“When the legend becomes fact, print the legend.” So goes the famous line from The Man Who Shot Liberty Valance. And that’s the way we roll when a legend passes, and such is the legend of Don Hill. We hardly ever dig too deep to find faults, flaws, or the things that define him—up or down—as human. However, recent rumors imply that the joint bearing his name is possibly opening again under “new” management. The implication is that the old management drove the place into dire financial circumstances so that the club was no longer able to continue. This requires a look, as reputations are on the line.
When Don Hills took Paul Sevigny and Nur Khan on as partners last September, it seemed like a second coming—a marriage of heaven and earth. Immediately, mega acts like Iggy and Courtney were banging in the intimate room, and it was déjà vu all over and over again. It was a real rock and roll joint, where true believers could hang their fabulous hats. When it began Don didn’t just go away and let them do it their way. He was there smiling, telling stories, reveling in the renewed fame and possible fortune. He had new life—until he didn’t.
His sudden death shocked us and penetrated our beings on a level unlike most others. Don was the “greatest guy in the world”—a saint who’s sins were amusing and fun, and a big part of the party. I paraphrased another Liberty Valance quote once to describe Don Hill. I said he was “founder, owner, operator, answered the phones, and he also sweeps out the place.” Don was the perfect club owner, everybody loved him.
A bit of time has passed, and the joint has since closed. When I talked to Paul Sevigny, who has created big success out in LA which is now taking up his time, he told me it didn’t feel right without Don. They had had a great run. They had made a statement. I postulated that without Don things would be different with the community, and the landlord and local enforcement. I was told that Martin from the Ear Inn was actually on the license, while Don had the relationship with the landlord covered. I was also told that Don owed hundreds of thousands of dollars in back rent, and to scores of vendors. I asked Nur to comment.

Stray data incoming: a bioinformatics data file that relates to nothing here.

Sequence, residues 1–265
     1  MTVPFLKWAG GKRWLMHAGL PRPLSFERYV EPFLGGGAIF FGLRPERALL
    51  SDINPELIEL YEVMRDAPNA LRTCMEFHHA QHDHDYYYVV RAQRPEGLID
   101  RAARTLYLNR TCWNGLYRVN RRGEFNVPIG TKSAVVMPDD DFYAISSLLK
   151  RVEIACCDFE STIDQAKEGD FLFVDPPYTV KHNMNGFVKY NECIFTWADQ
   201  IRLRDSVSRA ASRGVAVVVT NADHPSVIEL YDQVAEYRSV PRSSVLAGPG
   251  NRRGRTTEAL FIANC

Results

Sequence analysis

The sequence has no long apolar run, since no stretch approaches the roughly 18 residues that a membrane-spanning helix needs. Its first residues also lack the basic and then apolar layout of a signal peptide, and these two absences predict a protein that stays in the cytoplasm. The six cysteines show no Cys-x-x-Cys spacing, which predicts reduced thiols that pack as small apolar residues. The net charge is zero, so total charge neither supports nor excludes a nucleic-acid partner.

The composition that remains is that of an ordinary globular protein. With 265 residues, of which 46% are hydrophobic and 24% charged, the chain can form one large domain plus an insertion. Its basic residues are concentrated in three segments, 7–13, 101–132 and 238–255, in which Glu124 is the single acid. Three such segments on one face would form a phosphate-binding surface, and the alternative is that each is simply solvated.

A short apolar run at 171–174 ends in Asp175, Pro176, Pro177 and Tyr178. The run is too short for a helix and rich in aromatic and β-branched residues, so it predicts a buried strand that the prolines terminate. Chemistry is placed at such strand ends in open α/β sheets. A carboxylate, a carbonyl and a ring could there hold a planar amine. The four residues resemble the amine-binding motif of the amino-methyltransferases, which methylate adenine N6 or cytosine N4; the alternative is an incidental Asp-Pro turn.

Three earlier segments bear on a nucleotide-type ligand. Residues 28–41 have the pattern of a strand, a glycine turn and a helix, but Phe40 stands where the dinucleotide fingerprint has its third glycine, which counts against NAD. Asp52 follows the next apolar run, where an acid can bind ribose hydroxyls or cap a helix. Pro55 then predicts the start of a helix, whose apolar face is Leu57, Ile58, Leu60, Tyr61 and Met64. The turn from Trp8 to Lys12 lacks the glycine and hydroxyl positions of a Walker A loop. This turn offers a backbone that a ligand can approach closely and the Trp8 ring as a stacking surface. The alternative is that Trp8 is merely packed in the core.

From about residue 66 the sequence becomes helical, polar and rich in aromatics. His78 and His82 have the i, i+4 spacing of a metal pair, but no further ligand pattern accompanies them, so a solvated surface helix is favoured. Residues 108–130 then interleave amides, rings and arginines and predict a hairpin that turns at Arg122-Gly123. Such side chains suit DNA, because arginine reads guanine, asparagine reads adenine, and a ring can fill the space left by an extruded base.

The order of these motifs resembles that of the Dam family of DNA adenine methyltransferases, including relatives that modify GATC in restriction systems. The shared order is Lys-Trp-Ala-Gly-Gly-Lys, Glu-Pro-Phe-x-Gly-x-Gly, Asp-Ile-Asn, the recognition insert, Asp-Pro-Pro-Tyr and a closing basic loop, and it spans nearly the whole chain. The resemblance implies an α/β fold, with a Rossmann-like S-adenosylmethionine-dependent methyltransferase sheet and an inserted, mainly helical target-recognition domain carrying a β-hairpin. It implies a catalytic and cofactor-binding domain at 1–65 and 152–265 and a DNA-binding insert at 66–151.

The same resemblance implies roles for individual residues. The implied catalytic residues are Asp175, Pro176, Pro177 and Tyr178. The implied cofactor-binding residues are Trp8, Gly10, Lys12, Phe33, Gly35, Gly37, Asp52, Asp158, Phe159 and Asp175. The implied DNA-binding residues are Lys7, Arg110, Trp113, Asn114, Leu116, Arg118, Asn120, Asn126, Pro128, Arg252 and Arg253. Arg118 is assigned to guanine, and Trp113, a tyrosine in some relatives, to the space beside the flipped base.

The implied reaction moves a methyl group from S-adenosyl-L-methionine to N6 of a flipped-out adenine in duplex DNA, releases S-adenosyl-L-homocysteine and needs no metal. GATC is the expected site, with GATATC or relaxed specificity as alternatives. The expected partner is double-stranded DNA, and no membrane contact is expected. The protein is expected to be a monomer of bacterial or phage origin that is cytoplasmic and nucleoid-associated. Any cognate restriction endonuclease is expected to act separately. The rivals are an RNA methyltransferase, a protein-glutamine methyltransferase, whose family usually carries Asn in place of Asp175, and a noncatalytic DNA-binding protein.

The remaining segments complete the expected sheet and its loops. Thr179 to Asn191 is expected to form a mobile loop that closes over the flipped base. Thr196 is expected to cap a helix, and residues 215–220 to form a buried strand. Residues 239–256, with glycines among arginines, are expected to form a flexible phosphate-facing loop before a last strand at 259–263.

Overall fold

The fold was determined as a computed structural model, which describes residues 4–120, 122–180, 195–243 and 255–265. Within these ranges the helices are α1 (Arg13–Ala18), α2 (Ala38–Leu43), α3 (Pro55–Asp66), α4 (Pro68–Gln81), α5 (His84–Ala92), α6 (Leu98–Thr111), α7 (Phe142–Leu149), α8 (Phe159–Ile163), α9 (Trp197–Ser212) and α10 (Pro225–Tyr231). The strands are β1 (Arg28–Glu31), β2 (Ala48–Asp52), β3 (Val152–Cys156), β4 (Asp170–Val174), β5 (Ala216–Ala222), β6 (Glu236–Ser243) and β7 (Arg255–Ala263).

“You will see another live music venue from me. It’s my passion. Don was riddled with debts that kept popping up out of nowhere. I loved the guy but Don’s creditors back from like 2000 who started taking money out of the bank account. When he died we tried to get the lease changed which was being negotiated together while he was alive but were only offered a 1 ½ year lease with a 6 month demo clause. Would have had to pay all Don’s back debts that were way too extensive for such a short-term lease. That, coupled with the fact that we had no idea who was going to come out of the woodwork at any given moment and take money out of the company account, made no business sense to continue. I loved Don and the venue. Yes I’ve had some of the best times in NYC in that room, but I will build another live music/dance room.”
The Nur/Paul/Don Don Hills was a home-run for those into this scene. Nur is right to walk away and to clarify that it was old debt and a changing situation as well as the loss of his old friend that meant the end of this era. Rumors abound of a temporary operator until the landlord is ready to put up hamster habitats in the air space above. I guess going up will bring them closer to the heaven Don dwells in. There is a rumor of a Taco Bell. I think that would be perfect. The city continues to shed it’s nightlife culture to service the high-risers at the expense of the low riders. That’s why Brooklyn was invented, anyway. The Nur/Paul/Don show is over, and the light it shone was a bright, and has left us a little blinded, wandering lost and wondering what can replace it. There’s still places to go and I’ll just pop into Kenmare a bit more to taste the magic until these guys bring it again—together or separately.